McMinnville Seventh-day Adventist Church


Every Member a Minister

I recently read something by Rex D. Edwards, an associate director of the Ministerial Association of the General Conference, that made me think. He wrote, “The shepherd doesn’t give birth to the sheep. The sheep have the sheep. The shepherd keeps them in shape so they can produce other sheep.” This phrase, “the sheep have the sheep,” kept turning in my mind, over and over again. What does it mean? It stands to reason. It is so self-evident that it speaks for itself and yet, how could I have missed it?

So, if the sheep produce more sheep, what is the task of the shepherd (pastor)? Well, he needs to tend the sheep, facilitating an environment which would be conducive to producing more sheep. How does he do that? Should he attempt to produce sheep? The analogy seems to indicate that his role is rather to assist, train, educate, and support the sheep (laity) to produce more sheep. Richard Burrill, director of the NAD Evangelism Institute, says “If the shepherd is really caring for the flock, he will be training his members for their ministry.”

Is this supported by Scripture? Paul in Ephesians 4:11-12 gives the following perspective:

“It was He who gave some to be apostles, some to be prophets, some to be evangelists, and some to be pastors and teachers, to prepare God’s people for works of service, so that the body of Christ may be built up.”

The important phrase here is “to prepare God’s people for works of service.” Burrill says, “Limiting ministry to clergy is totally foreign to the New Testament church.” He continues by saying that “somehow in this modern age, we have largely divorced ministry from basic Christianity. The idea has gained acceptance that it is possible to be a Christian and not be involved in ministry.” How has this come about? Edwards refers to the sport analogy by indicating that “This is the age of the spectator.... We ourselves don’t play. We only observe others.” We watch the Super Bowl, we don’t participate. Experts who are trained play, not novices like us.

Burrill continues to say, “The Christian is involved. He cannot avoid it. He is participant in the redemptive mission of God through the church, not a critical onlooker. He is involved in the world, its business, its culture, its hunger, its travail, its tears, because he loves its people.” The reformed theologian Hendrik Kraemer said, “All Christians are diakonia, ministers, called to a ministry.... All the stress is on the diakonia, the ministry of the whole membership, because the church as a whole stood under the same token of its Lord, i.e. servantship.”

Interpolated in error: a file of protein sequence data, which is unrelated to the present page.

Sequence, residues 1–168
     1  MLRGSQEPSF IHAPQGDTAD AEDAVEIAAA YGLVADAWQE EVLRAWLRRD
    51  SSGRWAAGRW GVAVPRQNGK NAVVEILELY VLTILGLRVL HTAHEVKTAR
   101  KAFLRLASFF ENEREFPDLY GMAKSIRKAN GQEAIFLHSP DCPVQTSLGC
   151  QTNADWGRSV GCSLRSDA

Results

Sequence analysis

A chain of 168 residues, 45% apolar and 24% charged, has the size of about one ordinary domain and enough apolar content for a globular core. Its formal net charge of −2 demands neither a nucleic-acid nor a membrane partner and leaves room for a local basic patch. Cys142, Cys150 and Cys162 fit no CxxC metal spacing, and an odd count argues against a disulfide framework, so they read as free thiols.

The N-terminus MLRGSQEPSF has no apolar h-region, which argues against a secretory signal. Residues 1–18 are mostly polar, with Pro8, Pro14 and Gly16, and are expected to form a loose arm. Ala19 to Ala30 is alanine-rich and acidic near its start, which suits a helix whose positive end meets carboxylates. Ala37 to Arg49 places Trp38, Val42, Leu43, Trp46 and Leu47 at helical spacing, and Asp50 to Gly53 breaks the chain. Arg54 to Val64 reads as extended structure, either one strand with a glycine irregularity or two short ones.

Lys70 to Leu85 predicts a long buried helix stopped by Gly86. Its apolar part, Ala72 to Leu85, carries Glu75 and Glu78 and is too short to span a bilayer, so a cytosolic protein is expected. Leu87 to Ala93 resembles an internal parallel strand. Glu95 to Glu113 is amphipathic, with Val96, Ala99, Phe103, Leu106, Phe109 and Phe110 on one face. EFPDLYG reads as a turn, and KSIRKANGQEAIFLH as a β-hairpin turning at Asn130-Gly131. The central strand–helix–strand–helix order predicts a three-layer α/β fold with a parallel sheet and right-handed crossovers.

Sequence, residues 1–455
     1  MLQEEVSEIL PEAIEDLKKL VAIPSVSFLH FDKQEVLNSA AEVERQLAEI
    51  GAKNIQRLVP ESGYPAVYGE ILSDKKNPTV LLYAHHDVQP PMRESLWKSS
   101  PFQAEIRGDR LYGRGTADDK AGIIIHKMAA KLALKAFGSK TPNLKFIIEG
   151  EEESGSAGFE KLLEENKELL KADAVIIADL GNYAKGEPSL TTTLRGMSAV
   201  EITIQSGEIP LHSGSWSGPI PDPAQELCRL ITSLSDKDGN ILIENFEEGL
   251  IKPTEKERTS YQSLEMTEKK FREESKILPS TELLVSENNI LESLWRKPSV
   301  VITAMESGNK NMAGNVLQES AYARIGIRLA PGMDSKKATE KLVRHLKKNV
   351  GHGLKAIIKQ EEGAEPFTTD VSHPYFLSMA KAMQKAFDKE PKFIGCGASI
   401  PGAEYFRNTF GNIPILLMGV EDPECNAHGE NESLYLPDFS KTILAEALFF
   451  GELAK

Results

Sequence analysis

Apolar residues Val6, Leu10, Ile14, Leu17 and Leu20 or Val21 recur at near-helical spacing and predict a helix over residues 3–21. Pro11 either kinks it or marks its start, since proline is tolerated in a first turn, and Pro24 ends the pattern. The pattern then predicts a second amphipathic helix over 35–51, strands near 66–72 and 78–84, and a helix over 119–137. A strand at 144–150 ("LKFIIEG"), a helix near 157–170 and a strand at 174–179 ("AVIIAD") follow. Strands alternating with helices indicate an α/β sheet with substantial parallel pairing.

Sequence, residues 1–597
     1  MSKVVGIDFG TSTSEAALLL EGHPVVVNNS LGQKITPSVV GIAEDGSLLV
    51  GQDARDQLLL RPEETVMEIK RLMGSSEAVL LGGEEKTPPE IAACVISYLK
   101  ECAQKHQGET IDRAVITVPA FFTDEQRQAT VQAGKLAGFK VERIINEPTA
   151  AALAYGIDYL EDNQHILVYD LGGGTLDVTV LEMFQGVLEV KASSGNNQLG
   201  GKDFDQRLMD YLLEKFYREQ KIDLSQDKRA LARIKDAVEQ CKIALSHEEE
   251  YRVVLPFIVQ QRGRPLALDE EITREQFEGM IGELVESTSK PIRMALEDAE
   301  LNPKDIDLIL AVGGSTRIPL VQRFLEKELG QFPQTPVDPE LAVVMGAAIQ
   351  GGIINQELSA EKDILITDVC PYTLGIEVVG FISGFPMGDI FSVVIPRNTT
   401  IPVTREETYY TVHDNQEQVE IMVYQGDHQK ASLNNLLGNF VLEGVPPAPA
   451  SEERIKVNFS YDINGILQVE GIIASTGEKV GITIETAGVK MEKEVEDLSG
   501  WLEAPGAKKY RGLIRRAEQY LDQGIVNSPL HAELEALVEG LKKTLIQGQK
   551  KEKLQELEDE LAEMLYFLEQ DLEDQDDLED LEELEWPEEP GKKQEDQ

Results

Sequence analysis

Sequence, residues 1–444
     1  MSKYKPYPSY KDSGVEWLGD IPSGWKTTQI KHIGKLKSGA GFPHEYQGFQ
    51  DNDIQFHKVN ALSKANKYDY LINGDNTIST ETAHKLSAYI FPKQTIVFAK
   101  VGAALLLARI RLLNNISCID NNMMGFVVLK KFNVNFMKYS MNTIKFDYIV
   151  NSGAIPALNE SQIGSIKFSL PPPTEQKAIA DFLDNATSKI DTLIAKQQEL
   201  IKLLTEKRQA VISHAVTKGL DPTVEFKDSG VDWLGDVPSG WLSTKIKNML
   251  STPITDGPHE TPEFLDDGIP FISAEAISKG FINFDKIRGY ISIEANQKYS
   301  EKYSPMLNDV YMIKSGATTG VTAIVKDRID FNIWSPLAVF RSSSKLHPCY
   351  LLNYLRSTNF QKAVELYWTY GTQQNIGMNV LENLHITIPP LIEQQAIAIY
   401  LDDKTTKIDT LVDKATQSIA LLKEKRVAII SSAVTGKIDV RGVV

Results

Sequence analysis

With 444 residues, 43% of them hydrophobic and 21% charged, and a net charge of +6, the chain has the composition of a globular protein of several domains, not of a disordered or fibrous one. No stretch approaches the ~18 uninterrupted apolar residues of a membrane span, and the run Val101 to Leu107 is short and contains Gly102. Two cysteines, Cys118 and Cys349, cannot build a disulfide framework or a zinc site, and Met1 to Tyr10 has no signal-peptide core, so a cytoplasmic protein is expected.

Ellen White also had something to say on this topic. She says, “Christian ministers . . . have a broader work than many have recognized. They are not only to minister to the people, but to teach them to minister.... Every church member should be engaged in some line of service for the Master.” She continues, “Every church should be a training school for Christian workers. Its members should be taught . . . how to work for the unconverted.” And again, “Christ intends that His ministers shall be educators of the church in gospel work.” White says, “many pastors fail in not knowing how or in not trying, to get the full membership of the church actively engaged in the various departments of church work. If pastors would give more attention to getting and keeping their flock actively engaged at work, they would accomplish more good, have more time for study and religious visiting, and also avoid many causes of friction.”

How can this be done in a practical way? Burrill attempts to answer this question by saying, “The first step in restructuring the church for lay ministry is to have the nominating committee fill current positions based on the needs of the members rather than on the needs of the church. Any positions not filled are eliminated. If God wants the position filled, He will gift someone for the position.” He continues to say that the church should be “organized around ministries,” and not around positions, motivated by status, power or control. I found these to be profound thoughts and I hope that they find a nestling place in your heart and mind like they did in mine.

How are we doing in McMinnville? Within the next few weeks you will be invited to fill in forms and share with the Nominating Committee where and how you see yourself responding to God’s call to serve Him in this church family. Make this a matter of earnest prayer. God is calling you to share an exciting adventure with Him, and I am looking forward to working with you on His team.

- Pastor Jerry Joubert